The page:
“I’ve been pushing for Santo for a long time and so have a lot of other people,” said Santo’s onetime Cubs teammate Lou Brock. “I remember his courage. Santo was a person with Type 1 diabetes that daily went to his locker, pulled out insulin, gave himself a shot, and went out on the field and made the best of it. To me that was courage at a time and point where people were actually ashamed to have other people know that was happening to them. But he had no shame. That’s what I remember.”

“It’s great to have my friend here,” added Cubs legend Billy Williams, “because Ernie (Banks) is a Hall of Famer, Fergie Jenkins is Hall of Famer, and I’m a Hall of Famer. When he said out in Chicago, ‘This is my Hall of Fame’ when his number was retired, in his heart he didn’t mean it. I know he wanted to be here where his teammates are.”

At an inductee press conference held at the nearby Clark Sports Center, three of Santo’s children shared their thoughts on a father who passed away at the age of 70 in 2010

“We’re as a family just very honored to be here representing our father who we know very much wanted to be here, of course, and was looking forward to it,” said son Ron Jr. “We’re very honored and very proud of him and hoping that we can represent him the best that we know we can.”

“We’re able to experience a little bit of what my dad would and it’s a remarkable feeling,” said Santo’s daughter, Linda Santo Brown. “I feel in a way he’s experiencing it through us and that’s what gives us true satisfaction.”

With less than 24 hours before being honored with his bronze plaque in front of thousands of fans sporting Cincinnati red, Larkin began his pre-induction press conference talking about what the lead-up has been like.

“I’m really excited about this. The last couple of days have been great,” said Larkin, who will be inducted along with Ron Santo as the Class of 2012 at 1:30 p.m. ET on Sunday in Cooperstown. “I’ve spent a lot of time with many of the Hall of Famers and they’ve made me feel very welcomed here and very comfortable.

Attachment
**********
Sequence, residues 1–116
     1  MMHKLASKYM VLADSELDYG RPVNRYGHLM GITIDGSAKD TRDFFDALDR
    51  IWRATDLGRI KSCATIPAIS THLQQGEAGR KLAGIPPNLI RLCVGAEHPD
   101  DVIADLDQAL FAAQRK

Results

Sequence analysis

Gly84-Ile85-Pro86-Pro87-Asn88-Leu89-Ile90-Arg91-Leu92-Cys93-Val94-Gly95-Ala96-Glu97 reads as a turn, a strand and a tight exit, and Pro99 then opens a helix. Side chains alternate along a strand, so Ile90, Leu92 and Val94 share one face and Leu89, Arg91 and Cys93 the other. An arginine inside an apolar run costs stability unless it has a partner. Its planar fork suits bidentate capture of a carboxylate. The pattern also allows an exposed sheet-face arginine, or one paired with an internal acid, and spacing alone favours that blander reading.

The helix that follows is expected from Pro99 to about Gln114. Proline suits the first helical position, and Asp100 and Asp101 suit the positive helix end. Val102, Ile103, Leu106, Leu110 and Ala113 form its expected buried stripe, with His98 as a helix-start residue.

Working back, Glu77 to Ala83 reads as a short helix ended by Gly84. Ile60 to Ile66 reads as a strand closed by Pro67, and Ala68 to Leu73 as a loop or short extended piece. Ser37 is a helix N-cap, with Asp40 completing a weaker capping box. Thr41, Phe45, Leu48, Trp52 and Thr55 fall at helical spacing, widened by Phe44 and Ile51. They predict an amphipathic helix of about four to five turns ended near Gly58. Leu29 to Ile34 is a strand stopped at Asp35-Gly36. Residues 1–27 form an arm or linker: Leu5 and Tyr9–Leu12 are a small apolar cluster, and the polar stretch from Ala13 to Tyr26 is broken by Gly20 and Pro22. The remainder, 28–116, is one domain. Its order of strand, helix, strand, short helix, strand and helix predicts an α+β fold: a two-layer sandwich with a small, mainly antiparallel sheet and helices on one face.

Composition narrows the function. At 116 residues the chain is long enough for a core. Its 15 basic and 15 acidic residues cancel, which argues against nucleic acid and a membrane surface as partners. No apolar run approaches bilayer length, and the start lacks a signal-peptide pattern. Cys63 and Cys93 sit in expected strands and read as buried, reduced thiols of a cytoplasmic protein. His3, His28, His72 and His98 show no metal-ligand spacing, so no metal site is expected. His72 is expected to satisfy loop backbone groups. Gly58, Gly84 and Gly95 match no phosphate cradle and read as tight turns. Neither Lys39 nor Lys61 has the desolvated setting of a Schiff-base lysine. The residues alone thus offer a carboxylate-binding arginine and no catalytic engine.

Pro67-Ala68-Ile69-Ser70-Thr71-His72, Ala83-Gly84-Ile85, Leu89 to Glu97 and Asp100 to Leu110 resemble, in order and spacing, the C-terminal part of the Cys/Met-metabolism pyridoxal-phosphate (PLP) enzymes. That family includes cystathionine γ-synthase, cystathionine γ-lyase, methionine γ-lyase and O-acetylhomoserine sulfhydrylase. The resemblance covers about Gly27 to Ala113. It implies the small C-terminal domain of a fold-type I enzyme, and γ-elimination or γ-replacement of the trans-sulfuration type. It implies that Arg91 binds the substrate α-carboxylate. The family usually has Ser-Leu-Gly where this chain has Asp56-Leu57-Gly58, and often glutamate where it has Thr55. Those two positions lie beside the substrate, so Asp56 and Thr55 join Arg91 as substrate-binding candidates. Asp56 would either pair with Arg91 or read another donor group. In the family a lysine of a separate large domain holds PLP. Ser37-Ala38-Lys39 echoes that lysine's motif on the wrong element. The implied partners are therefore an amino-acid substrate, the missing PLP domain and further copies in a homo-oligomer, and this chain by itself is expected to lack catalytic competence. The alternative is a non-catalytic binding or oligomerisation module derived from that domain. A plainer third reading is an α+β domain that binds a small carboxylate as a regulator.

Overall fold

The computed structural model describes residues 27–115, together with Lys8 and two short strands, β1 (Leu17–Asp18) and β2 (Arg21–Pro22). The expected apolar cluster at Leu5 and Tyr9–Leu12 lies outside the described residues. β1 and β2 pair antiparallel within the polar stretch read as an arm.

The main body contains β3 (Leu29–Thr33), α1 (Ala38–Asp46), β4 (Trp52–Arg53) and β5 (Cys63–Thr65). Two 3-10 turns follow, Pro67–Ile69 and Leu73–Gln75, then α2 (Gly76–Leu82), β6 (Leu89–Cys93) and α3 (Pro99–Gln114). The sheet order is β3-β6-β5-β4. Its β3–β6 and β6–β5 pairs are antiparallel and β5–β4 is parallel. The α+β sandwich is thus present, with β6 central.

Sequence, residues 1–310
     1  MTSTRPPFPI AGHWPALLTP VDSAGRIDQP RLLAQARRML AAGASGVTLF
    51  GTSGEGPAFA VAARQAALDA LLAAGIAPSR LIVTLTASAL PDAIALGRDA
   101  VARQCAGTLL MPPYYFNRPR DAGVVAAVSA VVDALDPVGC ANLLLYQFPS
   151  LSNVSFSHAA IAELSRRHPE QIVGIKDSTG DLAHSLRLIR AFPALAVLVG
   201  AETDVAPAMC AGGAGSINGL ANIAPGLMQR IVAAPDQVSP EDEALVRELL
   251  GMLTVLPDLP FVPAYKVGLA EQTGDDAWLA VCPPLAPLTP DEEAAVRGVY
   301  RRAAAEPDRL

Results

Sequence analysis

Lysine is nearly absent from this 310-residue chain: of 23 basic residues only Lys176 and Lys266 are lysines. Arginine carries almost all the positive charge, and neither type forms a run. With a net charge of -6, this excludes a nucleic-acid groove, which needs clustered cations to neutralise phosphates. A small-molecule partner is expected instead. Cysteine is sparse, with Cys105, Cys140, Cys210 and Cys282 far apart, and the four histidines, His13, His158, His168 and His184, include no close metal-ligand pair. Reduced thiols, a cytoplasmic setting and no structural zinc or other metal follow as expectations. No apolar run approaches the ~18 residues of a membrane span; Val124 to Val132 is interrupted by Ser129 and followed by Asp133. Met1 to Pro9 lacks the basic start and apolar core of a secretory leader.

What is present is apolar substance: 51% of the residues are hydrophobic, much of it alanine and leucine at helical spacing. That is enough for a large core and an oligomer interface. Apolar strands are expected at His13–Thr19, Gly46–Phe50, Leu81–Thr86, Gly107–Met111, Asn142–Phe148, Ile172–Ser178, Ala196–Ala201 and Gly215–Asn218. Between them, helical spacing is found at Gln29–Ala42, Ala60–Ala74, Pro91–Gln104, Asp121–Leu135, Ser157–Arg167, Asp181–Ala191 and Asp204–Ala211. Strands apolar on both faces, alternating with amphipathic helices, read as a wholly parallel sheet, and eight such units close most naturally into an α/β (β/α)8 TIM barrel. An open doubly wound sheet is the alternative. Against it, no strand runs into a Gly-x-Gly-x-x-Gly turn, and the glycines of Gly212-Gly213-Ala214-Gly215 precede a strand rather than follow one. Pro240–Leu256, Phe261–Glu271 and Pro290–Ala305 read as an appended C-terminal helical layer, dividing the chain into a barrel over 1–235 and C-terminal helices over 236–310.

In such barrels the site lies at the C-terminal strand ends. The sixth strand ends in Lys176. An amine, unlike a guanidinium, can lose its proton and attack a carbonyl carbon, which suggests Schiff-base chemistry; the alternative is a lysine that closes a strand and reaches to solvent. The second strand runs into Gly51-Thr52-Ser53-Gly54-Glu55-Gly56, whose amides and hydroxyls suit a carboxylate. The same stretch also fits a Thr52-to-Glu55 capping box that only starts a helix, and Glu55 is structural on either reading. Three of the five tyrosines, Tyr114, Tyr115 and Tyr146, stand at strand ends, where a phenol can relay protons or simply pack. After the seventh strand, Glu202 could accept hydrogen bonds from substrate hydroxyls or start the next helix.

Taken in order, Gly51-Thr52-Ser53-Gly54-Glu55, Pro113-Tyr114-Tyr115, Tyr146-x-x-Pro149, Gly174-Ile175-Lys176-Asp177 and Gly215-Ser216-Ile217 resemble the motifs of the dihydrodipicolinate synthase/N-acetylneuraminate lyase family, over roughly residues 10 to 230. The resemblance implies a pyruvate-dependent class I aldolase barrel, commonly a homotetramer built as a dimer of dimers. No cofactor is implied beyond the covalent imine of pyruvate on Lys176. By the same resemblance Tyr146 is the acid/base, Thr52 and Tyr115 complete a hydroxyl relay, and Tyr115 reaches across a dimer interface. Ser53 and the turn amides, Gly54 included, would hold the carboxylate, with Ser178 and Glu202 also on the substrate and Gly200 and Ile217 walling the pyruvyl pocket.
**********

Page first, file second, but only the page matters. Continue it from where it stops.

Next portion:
“We had a golf tournament this morning and I think my team, which was comprised of my two brothers and my financial guy, we were 22-under. Now, my financial guy, he’s the guy that kept score. I had nothing to do with that.”

As for his induction speech, Larkin, the longtime Reds shortstop now working for ESPN, gave some clues as to what to expect.

“I’m a pretty transparent person, kinda what you see is what you get. And I think I’ve been very vocal about the keys to my success as a player. And what those are basically is what I’ll speak about during my speech,” Larkin said. “It’s the perspective that guys gave me when I first got to the big leagues. The tone that they set, the work acumen that I followed, the work ethic that they talked about, the requirements to be a professional, how to handle success and failure, all those things that my mother and father instilled in me as a young boy but they were reinforced by the players on the team.

“So not only did they help me on the field with becoming a better player but they helped me also become a better person on and off the field.”

Let the countdown begin. 

Bill Francis is a Library Associate at the National Baseball Hall of Fame and Museum